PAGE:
Supplement to HISTELEC NEWS No.7
by Barrie Phillips (member)
Early Signalling Systems
Before the telegraph system, messages were hand delivered by foot, by horse or coach, by rail and by ship, or by a combination of methods. Despite enticing names such as "Flyer" or "Lightning",stage coach journeys and associated mail deliveries were slow. A coach left Exeter at 5 am. and the fastest, the "Telegraph", reached London some 17 hours later. With the favourable trade winds, communications with America took a month.
Flags, lamps and mechanical semaphores were also used to send messages. However, they were ineffective in fog or heavy rain and were often slow and expensive - each line-of-sight receiving tower re-signalling the message to the next with increasing risk of errors. A mechanical semaphore telegraph system was established between London, Portsmouth and Newmarket as early as 1774 and in 1826 a 70 mile chain of eleven stations connected Liverpool with Holyhead.
In 1837 cooperation between William Fothergill Cooke and Charles Wheatstone resulted in a Patent for "improvements in giving signals and sounding alarms in distant places by means of electric current transmitted through metallic circuits". The system was demonstrated to Directors of the new London and Birmingham Railway between Euston and Camden Town on 24th July 1837.
Despite insulation problems (when the cotton covering of the cores in the metal conduit became damp) the Directors of the Great Western Railway were impressed, and in 1839 arranged the installation of Cooke and Wheatstone's needle telegraph over a distance of 13 miles between Paddington and West Drayton. The conductors were now strung above ground, suspended from glass insulators fitted to posts at the track side. Line resistance was overcome by developing the work of H.C. Oersted (Influence of current on a magnetic needle 1819-1820) and positioning lightly pivoted iron needles close to the operating coils deflections to the left or right by two of the five needles, providing 20 points of intersection and an alphabet of 20 letters.
For one shilling the public could enter the telegraph office to view this wonder of the world and for a further shilling could send a message - and so the public telegraph system was born.
Early Submarine Cables
Insulation and cable manufacturing methods improved and by the 1840's experiments were progressing with underwater telegraph cables on both sides of the Atlantic.
The first notable achievement, laying a cable across the Channel from Dover, was carried out by Jacob and John Watkins Brett in August 1850 A paddle steamer, "The Goliath" modified for the task with a large wide reel of cable installed amidships, become the Worlds first cableship. On completion of laying, a Cooke and Wheatstone needle telegraph was connected and a message transmitted to Prince Louis Napoleon Bonaparte. Shortly afterwards the cable was fouled by the anchor of a French fishing boat - its skipper "salvaging" a length of the golden seaweed.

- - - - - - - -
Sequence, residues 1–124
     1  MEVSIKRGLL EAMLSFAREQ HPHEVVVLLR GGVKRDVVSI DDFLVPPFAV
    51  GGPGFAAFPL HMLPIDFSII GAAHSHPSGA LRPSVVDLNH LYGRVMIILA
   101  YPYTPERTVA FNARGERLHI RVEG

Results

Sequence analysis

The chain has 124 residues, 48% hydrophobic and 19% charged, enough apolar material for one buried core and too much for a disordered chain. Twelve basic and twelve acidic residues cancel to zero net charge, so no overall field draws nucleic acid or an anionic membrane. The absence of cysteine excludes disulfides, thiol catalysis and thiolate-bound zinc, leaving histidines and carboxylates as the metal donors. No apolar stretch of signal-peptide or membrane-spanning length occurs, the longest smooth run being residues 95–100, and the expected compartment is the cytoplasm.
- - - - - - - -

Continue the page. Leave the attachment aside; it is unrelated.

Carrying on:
In 1839 Sir James Charles Ross. whilst sailing tile Antarctic, ordered a 76 lb lead weight to be lowered over the side. It took ncarly an hour to reach the bottom, some 14,550 feet below. This discovery of "depressions of the bed of the ocean beneath its surface very little short of the elevation of Mount Blanc above it" profoundly influenced oceanography and our knowledge the World.
In 1855 the book, Physical Geography of the Sea and Its Meteorology, by former US Naval Officer M. F. Maury, suggested that ocean currents dictate climate. His contemporary, John M. Brooke, developed a deep sea sounding device which obtained samples of the seabed whilst measuring its depth. Maury arranged for ships all over the world to use Brooke's device, and organised the systematic sounding of the North Atlantic, paving the way for laying the first transatlantic cable.
The First Crossing of the Atlantic
The first attempt to lay a transatlantic telegraph cable was made in 1857 between Valentia Island, County Kerry and Newfoundland. To reduce costs the British Government provided HMS Agamemnon, built in 1852 and of 3,200 tons displacement, whilst the Americans provided USNS Niagara. Built in 1855, she was the finest ship in the American Navy and at 5,200 tons, the largest steam frigate in the world. Both ships were extensively modified to accommodate the 3,000 miles of cable; 1,250 tons of cable on each ship. Together with their escorts Leopard and Susqueinhana and other support vessels, they became known as The Wire Squadron.
The cable was manufactured at the Glass Elliot Cable Works, Greenwich, it comprised 7 copper strands twisted together to make a single core which was then wrapped with three layers of gutta-percha insulation, a rubber obtained from the tree of that name, native to Malaysia.
Cable laying commenced on 6th August 1857; with the intention of the Niagara laying the first half. After 4 days with 335 miles of cable laid. the brakes on the paying out mechanism were applied too quickly, causing the cable to break and be lost irretrievably in 2,000 fathoms.